Background: Obstructive sleep apnea (OSA) is a largely underdiagnosed, common condition, which is important to diagnose preoperatively because it has implications for perioperative management. Our purpose in this study was to identify independent clinical predictors of a diagnosis of OSA in a general surgical population, develop a perioperative sleep apnea prediction (P-SAP) score based on these variables, and validate the P-SAP score against standard overnight polysomnography.
Methods: A retrospective, observational study was designed to identify patients with a known diagnosis of OSA. Independent predictors of a diagnosis of OSA were derived by logistic regression, based on which prediction tool (P-SAP score) was developed. The P-SAP score was then validated in patients undergoing overnight polysomnography.
Results: The P-SAP score was derived from 43,576 adult cases undergoing anesthesia. Of these, 3884 patients (7.17%) had a documented diagnosis of OSA. Three demographic variables: age > 43 years, male gender, and obesity; 3 history variables: history of snoring, diabetes mellitus Type 2, and hypertension; and 3 airway measures: thick neck, modified Mallampati class 3 or 4, and reduced thyromental distance were identified as independent predictors of a diagnosis of OSA. A diagnostic threshold P-SAP score > or = 2 showed excellent sensitivity (0.939) but poor specificity (0.323), whereas for a P-SAP score > or = 6, sensitivity was poor (0.239) with excellent specificity (0.911). Validation of this P-SAP score was performed in 512 patients with similar accuracy.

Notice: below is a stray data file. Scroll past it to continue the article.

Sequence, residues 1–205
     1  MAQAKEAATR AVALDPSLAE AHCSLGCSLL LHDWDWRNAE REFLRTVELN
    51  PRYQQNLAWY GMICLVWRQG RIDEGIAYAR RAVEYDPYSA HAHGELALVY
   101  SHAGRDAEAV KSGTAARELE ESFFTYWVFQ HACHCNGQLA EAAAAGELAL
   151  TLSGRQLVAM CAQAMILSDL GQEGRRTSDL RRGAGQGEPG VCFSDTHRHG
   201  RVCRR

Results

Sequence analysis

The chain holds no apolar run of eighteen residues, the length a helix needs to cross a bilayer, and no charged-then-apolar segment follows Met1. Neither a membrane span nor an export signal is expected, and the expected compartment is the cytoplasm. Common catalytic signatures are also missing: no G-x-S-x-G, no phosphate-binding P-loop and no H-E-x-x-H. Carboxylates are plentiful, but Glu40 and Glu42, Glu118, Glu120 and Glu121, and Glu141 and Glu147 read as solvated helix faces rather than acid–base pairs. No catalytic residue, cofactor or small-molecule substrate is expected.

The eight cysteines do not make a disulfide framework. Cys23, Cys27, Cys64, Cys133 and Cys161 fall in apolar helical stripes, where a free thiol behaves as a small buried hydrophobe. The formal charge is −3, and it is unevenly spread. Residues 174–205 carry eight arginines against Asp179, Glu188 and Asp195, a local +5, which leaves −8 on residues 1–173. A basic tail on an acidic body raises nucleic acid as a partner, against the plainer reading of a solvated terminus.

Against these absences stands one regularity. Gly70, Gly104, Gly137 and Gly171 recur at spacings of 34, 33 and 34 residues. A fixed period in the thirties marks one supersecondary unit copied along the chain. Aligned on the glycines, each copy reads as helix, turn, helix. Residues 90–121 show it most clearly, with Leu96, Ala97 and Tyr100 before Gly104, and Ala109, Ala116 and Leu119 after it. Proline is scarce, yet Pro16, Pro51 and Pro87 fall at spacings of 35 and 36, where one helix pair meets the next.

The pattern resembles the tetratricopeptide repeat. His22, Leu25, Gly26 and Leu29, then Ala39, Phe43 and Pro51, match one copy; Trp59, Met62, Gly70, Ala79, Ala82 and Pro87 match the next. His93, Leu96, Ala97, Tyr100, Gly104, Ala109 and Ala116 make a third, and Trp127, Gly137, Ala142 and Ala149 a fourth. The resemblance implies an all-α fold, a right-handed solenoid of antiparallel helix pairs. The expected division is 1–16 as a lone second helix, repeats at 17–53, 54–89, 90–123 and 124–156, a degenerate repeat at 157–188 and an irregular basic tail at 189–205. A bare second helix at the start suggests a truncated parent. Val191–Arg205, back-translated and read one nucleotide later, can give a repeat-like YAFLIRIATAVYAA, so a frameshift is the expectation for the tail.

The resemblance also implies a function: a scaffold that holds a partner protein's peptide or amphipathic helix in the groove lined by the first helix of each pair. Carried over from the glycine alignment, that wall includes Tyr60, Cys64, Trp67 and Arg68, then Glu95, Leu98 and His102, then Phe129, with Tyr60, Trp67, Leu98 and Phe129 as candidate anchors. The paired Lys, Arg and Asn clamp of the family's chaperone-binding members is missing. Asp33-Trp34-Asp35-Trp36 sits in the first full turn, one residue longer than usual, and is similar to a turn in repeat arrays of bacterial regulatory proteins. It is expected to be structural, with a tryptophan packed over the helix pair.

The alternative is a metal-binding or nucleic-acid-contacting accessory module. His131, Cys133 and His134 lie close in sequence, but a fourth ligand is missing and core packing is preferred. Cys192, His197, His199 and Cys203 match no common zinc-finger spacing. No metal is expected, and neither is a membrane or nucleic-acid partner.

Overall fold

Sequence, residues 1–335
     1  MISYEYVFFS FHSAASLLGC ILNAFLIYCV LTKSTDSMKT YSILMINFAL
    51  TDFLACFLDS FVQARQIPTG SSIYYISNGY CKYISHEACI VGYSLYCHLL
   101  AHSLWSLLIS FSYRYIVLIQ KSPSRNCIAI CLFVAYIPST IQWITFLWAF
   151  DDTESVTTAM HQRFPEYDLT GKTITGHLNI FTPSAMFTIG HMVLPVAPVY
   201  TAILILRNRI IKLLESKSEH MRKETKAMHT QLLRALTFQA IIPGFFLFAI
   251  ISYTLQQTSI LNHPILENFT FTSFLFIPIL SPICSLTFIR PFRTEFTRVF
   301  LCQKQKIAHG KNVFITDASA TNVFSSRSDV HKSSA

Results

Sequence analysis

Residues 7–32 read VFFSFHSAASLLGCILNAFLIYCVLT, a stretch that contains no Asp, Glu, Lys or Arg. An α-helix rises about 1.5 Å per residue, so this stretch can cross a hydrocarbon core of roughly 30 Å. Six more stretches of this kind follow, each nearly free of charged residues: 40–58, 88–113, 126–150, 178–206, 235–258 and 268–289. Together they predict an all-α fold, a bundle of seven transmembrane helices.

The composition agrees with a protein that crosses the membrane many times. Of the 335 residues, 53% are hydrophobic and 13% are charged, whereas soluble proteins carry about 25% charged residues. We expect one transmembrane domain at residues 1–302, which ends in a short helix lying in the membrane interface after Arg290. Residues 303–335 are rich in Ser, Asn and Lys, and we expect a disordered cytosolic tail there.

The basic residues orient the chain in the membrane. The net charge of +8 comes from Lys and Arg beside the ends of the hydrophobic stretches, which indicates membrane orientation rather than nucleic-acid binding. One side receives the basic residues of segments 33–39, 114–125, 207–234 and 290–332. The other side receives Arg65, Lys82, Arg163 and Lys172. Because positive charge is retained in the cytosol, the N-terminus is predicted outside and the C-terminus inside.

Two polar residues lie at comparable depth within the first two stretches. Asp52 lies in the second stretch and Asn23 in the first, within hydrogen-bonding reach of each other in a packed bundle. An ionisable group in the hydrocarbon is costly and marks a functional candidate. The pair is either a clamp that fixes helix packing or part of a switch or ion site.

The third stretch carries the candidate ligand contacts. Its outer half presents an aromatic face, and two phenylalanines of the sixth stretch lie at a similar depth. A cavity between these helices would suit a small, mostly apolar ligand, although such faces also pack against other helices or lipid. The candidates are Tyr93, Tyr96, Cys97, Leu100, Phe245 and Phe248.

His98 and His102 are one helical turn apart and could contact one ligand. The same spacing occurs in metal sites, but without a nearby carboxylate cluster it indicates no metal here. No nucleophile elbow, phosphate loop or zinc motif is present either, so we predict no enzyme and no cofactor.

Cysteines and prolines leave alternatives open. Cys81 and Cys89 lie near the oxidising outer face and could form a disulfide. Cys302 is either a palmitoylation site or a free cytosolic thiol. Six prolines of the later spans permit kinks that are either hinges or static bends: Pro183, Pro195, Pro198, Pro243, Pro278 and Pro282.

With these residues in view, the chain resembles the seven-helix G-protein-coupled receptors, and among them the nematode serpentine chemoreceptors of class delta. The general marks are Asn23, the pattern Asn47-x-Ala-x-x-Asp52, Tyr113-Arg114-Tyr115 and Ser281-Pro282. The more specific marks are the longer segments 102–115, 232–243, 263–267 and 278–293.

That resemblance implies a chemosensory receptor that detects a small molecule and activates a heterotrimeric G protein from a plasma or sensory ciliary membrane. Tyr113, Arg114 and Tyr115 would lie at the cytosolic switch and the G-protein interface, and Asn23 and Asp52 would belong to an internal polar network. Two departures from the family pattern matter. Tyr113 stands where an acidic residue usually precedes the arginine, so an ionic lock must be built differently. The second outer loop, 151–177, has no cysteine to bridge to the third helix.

Conclusion: The P-SAP score predicts diagnosis of OSA with dependable accuracy across mild to severe disease. The elements of the P-SAP score are derived from a typical university hospital surgical population.